I am here today first and foremost to make clear who the victims
were in the Enron catastrophe. Let us start with those hurt worst
by the conduct of the board and officers at Enron. More than
12,000 Enron employees participated in Enron’s 401K plan. On Oc-
tober 17th, the same day that the SEC announced it was inves-
tigating Enron, the company implemented a plan to switch 401K
administrators, knowing that their decision would freeze employ-
ees’ accounts and that freezing took three times longer than is nor-
mal in these situations.
Meanwhile, Enron executives continued to sell their stock, con-
tinuing a pattern of inside sales that netted a handful of executives
over a billion dollars.
Now, 5,000 of these same employees have been laid off and
Enron has tried to extract waivers of liability from these laid off
workers in exchange for their severance. Many of the 1,000 mem-
bers of the International Brotherhood of Electrical Workers at
Enron’s subsidiary, Portland Gas and Electric, suffered cata-
strophic losses. Members like Roy Rinard, who watched helplessly,
his accounts frozen, as 22 years of retirement savings dwindled
53

from $472,000 to less then $3,500. Or Tim Ramsey, a 33-year vet-
eran, who lost $995,000 from his retirement account.
Most pension funds and institutional investors held some Enron
stocks or bonds. The AFL-CIO’s pension fund held Enron bonds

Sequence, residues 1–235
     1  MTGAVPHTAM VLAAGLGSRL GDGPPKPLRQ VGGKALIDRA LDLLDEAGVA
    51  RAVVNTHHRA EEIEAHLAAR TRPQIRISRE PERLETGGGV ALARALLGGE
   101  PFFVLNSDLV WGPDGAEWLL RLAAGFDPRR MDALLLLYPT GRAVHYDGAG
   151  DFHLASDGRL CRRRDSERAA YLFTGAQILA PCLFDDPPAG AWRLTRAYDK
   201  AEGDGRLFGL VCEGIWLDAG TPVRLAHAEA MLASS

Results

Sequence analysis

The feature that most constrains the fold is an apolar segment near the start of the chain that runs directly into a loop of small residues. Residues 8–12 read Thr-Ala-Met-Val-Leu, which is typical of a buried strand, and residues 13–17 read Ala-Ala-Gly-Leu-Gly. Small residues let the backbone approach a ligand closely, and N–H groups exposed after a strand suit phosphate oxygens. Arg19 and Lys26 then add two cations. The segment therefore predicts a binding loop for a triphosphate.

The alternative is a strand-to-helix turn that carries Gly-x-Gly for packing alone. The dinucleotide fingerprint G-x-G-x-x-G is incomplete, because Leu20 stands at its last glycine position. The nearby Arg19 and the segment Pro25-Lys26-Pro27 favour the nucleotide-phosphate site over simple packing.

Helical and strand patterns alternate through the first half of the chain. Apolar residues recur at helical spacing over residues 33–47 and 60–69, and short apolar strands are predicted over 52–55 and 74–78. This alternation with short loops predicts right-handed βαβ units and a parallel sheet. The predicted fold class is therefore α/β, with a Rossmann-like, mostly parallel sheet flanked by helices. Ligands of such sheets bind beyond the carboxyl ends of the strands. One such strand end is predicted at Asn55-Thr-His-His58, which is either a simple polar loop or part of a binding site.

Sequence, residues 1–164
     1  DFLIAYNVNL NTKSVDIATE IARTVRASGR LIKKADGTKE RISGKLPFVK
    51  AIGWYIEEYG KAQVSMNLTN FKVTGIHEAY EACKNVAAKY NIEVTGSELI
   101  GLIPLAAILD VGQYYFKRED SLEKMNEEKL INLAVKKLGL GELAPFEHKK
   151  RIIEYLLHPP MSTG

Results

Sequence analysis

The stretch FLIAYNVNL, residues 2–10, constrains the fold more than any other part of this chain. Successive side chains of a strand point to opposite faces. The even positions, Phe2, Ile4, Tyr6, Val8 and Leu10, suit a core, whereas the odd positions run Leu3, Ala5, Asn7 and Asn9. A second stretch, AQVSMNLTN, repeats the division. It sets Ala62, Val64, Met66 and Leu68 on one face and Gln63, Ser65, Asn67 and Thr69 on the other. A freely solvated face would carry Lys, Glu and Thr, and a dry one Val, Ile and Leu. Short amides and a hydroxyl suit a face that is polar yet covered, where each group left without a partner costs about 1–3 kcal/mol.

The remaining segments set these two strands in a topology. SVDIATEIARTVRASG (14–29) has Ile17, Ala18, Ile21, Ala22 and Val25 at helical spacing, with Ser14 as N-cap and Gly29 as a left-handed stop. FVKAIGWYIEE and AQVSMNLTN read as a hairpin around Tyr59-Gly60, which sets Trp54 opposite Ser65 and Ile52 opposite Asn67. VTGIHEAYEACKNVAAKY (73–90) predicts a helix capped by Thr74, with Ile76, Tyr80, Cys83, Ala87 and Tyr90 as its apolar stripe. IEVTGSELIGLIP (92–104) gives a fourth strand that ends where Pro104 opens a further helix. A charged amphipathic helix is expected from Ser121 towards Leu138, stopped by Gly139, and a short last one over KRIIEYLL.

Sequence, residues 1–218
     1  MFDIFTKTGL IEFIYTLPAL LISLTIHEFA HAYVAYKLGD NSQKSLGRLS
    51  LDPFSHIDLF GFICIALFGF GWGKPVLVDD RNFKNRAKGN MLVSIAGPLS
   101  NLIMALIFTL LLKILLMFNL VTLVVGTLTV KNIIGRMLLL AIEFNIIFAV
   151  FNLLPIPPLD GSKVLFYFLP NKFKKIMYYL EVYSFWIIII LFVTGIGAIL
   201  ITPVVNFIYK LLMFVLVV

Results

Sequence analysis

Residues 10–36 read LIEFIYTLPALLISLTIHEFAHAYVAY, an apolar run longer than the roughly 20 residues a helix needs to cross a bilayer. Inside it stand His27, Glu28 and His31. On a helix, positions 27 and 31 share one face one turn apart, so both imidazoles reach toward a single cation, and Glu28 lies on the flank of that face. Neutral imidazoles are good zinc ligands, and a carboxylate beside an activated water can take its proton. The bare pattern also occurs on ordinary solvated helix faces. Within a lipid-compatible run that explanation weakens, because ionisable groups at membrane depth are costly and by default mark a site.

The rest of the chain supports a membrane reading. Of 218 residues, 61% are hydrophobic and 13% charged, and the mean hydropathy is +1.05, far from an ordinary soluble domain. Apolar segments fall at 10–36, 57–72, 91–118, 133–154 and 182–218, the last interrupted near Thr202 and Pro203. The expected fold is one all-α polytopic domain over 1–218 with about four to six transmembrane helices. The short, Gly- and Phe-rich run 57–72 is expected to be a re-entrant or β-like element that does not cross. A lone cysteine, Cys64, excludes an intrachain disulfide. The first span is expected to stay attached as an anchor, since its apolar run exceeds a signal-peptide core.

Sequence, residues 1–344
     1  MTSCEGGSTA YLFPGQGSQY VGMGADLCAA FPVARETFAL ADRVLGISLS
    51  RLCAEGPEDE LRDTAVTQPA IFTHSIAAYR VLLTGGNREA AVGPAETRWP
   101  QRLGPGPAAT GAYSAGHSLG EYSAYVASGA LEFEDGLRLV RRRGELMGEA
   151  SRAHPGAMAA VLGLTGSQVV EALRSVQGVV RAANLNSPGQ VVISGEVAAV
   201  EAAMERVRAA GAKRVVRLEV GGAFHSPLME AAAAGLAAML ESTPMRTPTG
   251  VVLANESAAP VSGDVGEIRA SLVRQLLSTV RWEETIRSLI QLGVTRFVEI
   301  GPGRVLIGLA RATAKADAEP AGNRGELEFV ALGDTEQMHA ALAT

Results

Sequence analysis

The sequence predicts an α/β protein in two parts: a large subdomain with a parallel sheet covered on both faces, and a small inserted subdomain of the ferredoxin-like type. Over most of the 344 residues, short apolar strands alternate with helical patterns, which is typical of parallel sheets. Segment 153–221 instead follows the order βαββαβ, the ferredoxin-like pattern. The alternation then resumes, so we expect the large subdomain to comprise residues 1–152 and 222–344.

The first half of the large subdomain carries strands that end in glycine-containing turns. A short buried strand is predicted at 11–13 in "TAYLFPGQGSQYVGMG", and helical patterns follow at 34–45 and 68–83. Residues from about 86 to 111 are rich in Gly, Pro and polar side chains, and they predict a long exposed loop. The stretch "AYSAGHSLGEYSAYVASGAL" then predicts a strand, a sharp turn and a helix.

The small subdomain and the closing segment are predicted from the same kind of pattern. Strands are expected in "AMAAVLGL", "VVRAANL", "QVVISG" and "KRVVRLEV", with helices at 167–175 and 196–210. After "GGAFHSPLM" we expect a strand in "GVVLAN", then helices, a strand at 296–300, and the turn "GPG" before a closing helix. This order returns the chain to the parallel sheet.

and watched them lose 75 percent of their value.
Much of this money was going to fund pension benefits for work-
ing families, for the public employees we are counting on to protect
us during this period of national crisis, for the pensions of the iron-
workers, for instance, now clearing the rubble at Ground Zero.
All of us who have S&P 500 index funds in our 401Ks or mutual
fund portfolios lost money in Enron, probably about one-half a per-
cent of the total assets in those type of funds.
Much of what happened at Enron, as has been stated earlier, re-
mains murky, but from what we know, this is a story first and
foremost about conflicts of interest, about a long list of people and
institutions that were supposed to look out for workers’ retirement
savings and instead looked out for themselves.
Now, what do I mean by a conflict of interest?
Let us begin with the first line of defense, when management
goes sour. That is the board of directors. At Enron, most of the
board was independent of the company, according to the SEC fil-
ings. But look another layer deeper and you find some of these
‘‘independent’’ directors were actually investing in Enron-sponsored
limited partnerships.
Then there were the auditors. Arthur Andersen, who testified
earlier, was the company’s long-time auditor, but management was
funneling lucrative consulting contracts to Andersen, as was stated,
$59 million in fees.